Referring again to FIG. 12 it will be seen that catchers 94 are mounted in a position which obscures the lower surface of charge plate 59. During operation of the printer it sometimes becomes desirable to inspect the charge plate, and for this purpose catchers 94 can be swung downwardly as illustrated in FIG. 10. The mounting for the catchers enables such downward swinging while yet providing a capability for accurate adjustment of the operating positions of both catchers. The catcher assemblies, as illustrated in detail of FIGS. 33 through 37, each comprise a catcher 94 connected by four evacuation tubes 117 to a vacuum manifold 118. Vacuum manifold 118 is connected by two rotatable joints 120 to a pair of vacuum lines 119. Each joint 120 is sealed by seals 121, and in the operating position each vacuum line 119 communicates with its vacuum manifold 118 by an opening 122 in the wall of the manifold.
The vacuum manifolds 118 are supported against vee blocks 123 by spring members 124, which may be rotated to the position shown in FIG. 11 to facilitate disassembly. When catchers 94 are in operating position they are supported at each end by a shoe 125 (see FIG. 17). Shoes 125 are mounted on end blocks 126 positioned at both ends of the catchers. Deflection ribbon 129 is stretched under tension between end blocks 126. For this purpose there are a pair of triangular tension blocks 127 about which deflection ribbon 129 is wrapped and which fit into notches in end blocks 126. The positions of end blocks 126 may be adjusted lengthwise of deflection ribbon 129 to control the tension thereon.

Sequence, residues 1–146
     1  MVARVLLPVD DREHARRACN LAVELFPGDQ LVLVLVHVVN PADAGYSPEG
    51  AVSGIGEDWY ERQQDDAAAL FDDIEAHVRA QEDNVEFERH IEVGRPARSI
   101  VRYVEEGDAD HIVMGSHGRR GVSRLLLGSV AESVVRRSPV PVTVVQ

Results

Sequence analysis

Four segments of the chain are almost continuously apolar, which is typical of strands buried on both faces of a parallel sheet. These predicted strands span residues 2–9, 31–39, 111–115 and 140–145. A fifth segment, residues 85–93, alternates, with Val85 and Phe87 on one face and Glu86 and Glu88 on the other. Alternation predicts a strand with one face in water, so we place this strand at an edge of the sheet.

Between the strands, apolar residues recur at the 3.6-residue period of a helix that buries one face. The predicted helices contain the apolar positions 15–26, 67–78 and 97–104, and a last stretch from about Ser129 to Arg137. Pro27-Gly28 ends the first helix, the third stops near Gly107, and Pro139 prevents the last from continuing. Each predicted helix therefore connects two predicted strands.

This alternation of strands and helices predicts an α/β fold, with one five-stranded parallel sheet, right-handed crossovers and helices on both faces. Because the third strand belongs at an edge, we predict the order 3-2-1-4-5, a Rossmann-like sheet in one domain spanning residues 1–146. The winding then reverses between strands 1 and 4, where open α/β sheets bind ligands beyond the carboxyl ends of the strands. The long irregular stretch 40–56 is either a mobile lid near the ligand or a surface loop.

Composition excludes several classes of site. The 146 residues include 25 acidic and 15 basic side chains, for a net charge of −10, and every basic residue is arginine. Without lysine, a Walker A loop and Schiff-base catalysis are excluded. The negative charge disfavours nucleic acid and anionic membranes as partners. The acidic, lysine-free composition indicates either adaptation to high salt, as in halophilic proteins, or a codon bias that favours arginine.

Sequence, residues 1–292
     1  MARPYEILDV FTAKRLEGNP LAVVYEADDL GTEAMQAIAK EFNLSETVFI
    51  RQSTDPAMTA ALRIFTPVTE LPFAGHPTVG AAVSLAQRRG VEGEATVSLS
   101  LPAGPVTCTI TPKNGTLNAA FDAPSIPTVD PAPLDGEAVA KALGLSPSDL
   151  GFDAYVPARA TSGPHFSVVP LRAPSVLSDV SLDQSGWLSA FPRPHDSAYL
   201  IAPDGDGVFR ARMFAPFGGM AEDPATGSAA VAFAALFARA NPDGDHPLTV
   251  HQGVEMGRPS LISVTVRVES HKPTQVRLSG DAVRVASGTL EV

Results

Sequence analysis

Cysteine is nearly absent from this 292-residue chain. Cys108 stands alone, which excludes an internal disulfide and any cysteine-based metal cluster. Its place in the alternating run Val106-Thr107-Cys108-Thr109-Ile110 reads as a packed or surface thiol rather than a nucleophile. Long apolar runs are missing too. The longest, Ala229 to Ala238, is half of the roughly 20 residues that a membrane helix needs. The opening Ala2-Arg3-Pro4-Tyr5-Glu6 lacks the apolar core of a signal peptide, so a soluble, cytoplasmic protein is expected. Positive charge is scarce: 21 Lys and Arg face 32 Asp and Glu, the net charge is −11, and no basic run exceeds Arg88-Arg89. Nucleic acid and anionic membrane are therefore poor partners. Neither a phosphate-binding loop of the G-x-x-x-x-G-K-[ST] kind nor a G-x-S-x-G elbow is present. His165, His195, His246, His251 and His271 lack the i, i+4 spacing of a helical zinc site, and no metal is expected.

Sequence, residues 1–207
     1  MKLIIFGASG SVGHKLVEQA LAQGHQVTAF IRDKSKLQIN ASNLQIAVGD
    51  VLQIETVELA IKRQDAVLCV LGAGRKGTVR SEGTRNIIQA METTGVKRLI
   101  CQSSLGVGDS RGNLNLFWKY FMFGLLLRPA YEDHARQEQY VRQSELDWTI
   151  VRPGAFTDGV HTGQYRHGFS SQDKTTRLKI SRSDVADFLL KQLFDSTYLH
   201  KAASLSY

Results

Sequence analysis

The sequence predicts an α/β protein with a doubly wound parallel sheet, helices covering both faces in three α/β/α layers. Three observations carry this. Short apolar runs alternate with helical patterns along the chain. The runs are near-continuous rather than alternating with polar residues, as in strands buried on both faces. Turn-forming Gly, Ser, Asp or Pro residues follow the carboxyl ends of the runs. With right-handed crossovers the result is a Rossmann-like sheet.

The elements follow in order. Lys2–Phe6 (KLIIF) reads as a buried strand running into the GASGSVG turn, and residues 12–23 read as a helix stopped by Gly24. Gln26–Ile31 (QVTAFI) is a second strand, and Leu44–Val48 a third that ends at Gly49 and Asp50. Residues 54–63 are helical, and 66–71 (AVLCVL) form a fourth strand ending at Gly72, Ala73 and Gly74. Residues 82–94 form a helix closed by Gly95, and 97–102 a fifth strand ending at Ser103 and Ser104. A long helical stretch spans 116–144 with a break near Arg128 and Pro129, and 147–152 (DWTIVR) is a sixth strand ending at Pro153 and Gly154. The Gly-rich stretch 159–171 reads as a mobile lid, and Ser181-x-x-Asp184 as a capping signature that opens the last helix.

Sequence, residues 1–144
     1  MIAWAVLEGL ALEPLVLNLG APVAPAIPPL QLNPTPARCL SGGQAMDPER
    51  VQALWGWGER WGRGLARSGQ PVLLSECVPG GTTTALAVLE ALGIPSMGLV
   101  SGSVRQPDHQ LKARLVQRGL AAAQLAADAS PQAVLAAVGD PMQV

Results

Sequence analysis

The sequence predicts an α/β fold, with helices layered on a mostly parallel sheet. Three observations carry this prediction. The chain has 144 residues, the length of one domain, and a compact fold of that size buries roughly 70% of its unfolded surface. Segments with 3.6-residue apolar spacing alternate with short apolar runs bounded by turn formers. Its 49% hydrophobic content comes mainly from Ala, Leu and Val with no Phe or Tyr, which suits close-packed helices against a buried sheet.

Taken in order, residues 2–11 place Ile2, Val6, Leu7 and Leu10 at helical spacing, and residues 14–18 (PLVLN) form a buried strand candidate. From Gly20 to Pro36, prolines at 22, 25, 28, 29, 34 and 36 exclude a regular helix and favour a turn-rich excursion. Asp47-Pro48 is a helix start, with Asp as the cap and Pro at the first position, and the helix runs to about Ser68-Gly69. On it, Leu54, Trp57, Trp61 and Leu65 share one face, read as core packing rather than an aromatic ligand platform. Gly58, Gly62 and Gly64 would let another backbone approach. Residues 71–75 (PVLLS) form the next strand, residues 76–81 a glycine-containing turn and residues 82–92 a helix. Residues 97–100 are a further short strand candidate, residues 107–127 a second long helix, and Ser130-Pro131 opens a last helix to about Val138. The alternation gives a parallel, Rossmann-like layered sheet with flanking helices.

The supporting relationship of shoes 125 to catchers 94 is shown in detail in FIG. 18. Shoes 125 are secured to end blocks 126 by bolts 195 and springs 131. Shoes 125 are therefore movably supported and reach outwardly to engage catchers 94 under overhanging ledges 194. The vertical spacing of catchers 94 relative to orifice plate 60 is adjusted by spacing devices 132 mounted on the upper surfaces of catchers 94. FIG. 16 illustrates the arrangement as viewed from the end of the printing head.
Horizontally inward and outward movement of catchers 94 relative to deflection ribbon 129 is controlled by micrometertype adjustment knobs 133 through 136. Catchers 94 are mounted as above described against the blocks 123, and blocks 123 are supported by support brackets 137 through 140 as best illustrated in FIGS. 7 and 8. Support brackets 137 through 140 are pivotally mounted as at 141 and are urged against bias members 142 by shaft members positioned in response to manual adjustment of knobs 133 through 136.